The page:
I just read this Op-Ed by Howard Dean on the future of the Internet in political campaigns. It is a great read, and he very clearly articulates many of the same ideas that I have about how the Internet should be utilized.
In a practical sense, using the Internet isnÃ¢â‚¬â„¢t even about getting votes. Its strength is in building a richer democracy by bringing more people into the process. We learned over the past two years that a campaign website can be more than a clearinghouse for basic information. It can become a hub for turning committed supporters into true stakeholders.
But getting the Internet right means a new kind of relationship between an organization and its supporters. And the more we accept the prescription for success online Ã¢â‚¬â€ honesty, clarity and respect for the people Ã¢â‚¬â€ the better chance we have to succeed off-line.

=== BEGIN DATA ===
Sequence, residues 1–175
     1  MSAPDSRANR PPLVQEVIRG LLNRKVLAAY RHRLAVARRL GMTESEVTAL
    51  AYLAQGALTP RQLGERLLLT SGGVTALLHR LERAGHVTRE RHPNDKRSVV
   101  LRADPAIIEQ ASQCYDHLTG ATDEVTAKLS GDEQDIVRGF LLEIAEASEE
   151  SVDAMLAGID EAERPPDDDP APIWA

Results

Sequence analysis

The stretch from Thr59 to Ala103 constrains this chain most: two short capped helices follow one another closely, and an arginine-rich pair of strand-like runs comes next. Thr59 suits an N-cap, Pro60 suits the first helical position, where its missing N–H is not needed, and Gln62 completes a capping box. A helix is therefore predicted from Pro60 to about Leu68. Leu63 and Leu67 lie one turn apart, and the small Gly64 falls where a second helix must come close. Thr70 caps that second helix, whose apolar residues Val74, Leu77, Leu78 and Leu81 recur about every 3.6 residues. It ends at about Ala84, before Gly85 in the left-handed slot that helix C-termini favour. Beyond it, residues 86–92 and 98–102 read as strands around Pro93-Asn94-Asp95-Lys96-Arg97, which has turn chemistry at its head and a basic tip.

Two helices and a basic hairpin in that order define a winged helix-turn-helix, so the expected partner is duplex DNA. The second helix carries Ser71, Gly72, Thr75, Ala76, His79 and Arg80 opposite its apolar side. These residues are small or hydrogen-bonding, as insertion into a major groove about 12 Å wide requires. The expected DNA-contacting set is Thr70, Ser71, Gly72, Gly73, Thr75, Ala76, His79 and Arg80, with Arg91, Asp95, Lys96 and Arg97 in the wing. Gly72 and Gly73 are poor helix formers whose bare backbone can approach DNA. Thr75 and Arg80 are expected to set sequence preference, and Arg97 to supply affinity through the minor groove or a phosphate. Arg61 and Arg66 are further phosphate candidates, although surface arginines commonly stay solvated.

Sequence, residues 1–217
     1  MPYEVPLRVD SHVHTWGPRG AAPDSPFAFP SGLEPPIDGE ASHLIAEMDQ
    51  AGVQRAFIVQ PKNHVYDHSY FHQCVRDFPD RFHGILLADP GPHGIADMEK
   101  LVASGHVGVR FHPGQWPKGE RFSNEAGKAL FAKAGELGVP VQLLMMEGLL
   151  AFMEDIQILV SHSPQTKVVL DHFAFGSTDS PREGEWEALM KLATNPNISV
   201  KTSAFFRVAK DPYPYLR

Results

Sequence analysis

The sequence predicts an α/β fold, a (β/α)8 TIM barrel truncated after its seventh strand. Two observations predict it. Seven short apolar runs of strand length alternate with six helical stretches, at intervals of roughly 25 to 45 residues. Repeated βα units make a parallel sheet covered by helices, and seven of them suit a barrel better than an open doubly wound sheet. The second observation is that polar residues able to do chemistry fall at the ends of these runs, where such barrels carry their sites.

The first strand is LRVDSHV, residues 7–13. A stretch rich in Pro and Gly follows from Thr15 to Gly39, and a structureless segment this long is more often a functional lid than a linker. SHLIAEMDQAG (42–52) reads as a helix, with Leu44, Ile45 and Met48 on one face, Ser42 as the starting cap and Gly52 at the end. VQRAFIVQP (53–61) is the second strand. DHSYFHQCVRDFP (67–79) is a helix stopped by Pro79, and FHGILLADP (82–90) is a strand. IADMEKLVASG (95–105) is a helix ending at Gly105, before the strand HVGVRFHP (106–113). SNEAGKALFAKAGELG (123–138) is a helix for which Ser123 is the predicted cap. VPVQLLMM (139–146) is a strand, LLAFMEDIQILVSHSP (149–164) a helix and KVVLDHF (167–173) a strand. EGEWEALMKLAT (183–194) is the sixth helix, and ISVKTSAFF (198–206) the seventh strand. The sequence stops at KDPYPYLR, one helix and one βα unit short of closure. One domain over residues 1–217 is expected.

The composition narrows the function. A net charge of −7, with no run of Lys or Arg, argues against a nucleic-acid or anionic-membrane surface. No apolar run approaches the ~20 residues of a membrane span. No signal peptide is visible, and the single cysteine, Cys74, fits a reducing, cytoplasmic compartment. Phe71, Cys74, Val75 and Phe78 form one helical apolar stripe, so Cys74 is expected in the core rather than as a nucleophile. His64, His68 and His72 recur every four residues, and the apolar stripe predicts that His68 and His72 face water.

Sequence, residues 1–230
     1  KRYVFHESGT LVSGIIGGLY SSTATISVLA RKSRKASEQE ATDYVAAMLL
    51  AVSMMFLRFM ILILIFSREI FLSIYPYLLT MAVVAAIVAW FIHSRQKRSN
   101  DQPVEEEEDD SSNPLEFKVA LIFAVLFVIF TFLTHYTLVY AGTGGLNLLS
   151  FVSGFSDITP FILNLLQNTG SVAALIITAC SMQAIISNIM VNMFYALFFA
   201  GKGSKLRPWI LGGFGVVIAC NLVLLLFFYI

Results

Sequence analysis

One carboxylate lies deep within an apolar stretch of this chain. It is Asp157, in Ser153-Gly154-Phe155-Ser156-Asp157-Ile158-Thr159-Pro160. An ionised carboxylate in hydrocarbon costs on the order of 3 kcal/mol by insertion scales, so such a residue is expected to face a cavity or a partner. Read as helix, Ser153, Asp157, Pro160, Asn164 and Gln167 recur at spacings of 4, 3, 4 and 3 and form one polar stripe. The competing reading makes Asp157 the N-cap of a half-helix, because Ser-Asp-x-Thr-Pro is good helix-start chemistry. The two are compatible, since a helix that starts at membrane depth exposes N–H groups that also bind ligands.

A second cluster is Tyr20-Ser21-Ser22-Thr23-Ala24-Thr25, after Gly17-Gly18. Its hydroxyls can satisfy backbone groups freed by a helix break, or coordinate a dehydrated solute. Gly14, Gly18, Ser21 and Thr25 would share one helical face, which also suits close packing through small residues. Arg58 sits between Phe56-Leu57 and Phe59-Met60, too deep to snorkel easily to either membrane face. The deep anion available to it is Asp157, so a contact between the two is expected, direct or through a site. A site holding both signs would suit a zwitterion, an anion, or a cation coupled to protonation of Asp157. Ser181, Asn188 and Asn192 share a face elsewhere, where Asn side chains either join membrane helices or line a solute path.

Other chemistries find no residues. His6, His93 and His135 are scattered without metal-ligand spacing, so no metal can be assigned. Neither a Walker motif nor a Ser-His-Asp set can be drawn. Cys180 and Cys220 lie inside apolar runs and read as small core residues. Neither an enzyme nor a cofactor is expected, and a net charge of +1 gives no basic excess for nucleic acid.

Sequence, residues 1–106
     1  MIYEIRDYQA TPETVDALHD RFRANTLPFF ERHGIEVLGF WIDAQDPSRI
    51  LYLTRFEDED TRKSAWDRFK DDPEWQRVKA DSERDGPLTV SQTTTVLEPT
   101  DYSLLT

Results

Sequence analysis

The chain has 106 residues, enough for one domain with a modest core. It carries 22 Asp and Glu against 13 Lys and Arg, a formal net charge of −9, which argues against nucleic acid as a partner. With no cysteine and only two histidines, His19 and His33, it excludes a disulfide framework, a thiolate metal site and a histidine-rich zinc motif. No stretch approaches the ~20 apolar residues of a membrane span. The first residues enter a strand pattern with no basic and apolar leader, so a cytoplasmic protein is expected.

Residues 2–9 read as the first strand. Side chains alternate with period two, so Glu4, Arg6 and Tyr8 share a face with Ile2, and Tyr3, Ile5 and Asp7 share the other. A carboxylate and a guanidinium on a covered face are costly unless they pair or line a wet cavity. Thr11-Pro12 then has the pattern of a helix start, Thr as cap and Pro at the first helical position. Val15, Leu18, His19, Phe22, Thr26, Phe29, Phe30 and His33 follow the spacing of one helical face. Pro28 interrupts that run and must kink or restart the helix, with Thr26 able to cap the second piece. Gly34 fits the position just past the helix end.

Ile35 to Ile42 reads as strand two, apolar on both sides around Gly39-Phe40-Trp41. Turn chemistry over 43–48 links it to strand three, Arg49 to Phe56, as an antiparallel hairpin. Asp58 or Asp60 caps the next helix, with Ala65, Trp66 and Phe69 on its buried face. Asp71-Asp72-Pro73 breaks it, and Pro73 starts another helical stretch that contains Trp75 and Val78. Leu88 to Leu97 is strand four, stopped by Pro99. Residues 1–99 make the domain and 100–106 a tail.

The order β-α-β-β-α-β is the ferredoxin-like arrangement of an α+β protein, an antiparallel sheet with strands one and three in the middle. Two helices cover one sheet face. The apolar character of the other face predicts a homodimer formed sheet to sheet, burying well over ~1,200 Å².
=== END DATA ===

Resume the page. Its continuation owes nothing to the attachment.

Convincing candidates of this is a very hard thing to do, because it means a loss of control. The thing that really strikes me about this article, however, is that he is one of the very few politicans who understands that the Internet’s greatest strength is not in it’s ability to raise money. This is the lesson that most people took from his presidential campaign, but what interested me about that campaign was not how much money he raised, but the relationship that people involved felt they had with him. It was a very real involvement, and people were brought into the process. Howard Dean only scratched the surface of the involvement that is possible to achieve with the Internet, and I would like to find out with this campaign just how far we can take that.
I have recieved a few requests for a bio of some sort since the DailyKos comment link, so I will put that up in the next few days. In response to another request, I did get a donations page up, so donate away!